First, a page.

‘I have never misrepresented my research findings,’ Gay said
Former Harvard President Claudine Gay disputed plagiarism accusations and blamed her resignation on racism, lies, and anxiety projection in a Wednesday New York Times op-ed.
“My hope is that by stepping down I will deny demagogues the opportunity to further weaponize my presidency in their campaign to undermine the ideals animating Harvard since its founding: excellence, openness, independence, truth,” she wrote.
The Ivy League university announced Tuesday that Gay will resign as president after just over six months in office, as The College Fix reported.
She has repeatedly faced plagiarism accusations, including a fresh complaint filed Monday.
Gay admitted she had “made mistakes” in neglecting to condemn antisemitism, for example; nonetheless, she attributed the “campaign against [her]” to “opportunists” waging “a broader war to unravel public faith in pillars of American society.”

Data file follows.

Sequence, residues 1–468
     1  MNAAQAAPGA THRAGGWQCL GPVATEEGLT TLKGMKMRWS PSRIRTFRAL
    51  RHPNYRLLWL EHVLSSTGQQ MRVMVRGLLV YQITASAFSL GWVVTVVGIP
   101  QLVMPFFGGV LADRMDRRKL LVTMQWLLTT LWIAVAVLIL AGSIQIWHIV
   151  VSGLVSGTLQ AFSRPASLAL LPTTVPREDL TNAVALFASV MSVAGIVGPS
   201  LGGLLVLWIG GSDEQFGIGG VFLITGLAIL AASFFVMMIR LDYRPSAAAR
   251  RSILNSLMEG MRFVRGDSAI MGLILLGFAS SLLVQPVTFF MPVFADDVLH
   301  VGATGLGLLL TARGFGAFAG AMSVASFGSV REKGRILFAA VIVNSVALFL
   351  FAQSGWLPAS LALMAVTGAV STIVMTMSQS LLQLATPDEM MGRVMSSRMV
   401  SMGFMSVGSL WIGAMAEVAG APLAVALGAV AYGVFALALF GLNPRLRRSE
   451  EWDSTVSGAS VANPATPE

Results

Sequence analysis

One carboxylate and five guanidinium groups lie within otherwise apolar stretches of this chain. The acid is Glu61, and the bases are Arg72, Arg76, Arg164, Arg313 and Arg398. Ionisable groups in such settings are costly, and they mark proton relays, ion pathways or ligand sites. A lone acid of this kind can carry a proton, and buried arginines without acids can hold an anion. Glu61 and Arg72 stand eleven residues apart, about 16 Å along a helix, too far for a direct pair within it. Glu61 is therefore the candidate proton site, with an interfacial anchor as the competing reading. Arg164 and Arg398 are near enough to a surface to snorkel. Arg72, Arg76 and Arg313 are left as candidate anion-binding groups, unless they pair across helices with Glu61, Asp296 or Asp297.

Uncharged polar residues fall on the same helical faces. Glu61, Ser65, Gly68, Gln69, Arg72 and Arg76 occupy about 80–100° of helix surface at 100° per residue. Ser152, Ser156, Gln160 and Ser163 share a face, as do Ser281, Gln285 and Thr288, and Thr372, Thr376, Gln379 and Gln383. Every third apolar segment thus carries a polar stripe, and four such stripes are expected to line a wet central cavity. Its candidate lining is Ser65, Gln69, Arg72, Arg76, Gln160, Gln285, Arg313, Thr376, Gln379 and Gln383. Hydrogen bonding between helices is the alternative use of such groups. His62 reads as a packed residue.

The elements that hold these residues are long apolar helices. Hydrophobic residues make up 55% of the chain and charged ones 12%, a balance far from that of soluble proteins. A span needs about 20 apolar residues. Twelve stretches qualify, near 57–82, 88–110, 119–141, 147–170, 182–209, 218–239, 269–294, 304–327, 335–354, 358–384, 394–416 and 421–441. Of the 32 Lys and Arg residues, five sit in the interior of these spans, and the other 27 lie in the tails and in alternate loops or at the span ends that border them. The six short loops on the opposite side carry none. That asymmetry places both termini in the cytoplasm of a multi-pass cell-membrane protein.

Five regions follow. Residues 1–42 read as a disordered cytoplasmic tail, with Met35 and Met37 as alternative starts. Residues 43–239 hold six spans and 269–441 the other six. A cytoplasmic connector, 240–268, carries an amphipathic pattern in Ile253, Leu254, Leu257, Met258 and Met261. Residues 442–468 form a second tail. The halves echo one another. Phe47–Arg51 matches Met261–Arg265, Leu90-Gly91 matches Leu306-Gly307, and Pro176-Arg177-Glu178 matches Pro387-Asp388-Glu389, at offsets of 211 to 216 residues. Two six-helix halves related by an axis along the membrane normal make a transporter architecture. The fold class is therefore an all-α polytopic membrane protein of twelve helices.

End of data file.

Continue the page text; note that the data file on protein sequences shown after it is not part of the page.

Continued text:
Speaking of the congressional hearing in which she denied that calling for the genocide of the Jews always violates campus harassment policies, Gay said she “fell into a well-laid trap.”
Regarding charges of plagiarism, Gay described the instances as “errors” in which “some material duplicated other scholars’ language, without proper attribution.”
She refused to admit guilt, writing, “I have never misrepresented my research findings, nor have I ever claimed credit for the research of others.”
“Moreover, the citation errors should not obscure a fundamental truth: I proudly stand by my work and its impact on the field,” Gay wrote.
Gay also blamed the charges against her on racial stereotypes and a “false narrative of indifference and incompetence.”
She stated that she “make[s] an ideal canvas for projecting every anxiety about the generational and demographic changes unfolding on American campuses,” particularly as “a Black woman selected to lead a storied institution.”
The total number of plagiarism allegations against Gay now touch about half of her published works, with nearly 50 examples, Aaron Sibarium of the Washington Free Beacon reported Monday. Critics have cited plagiarized passages in eight out of Gay’s 17 published works.
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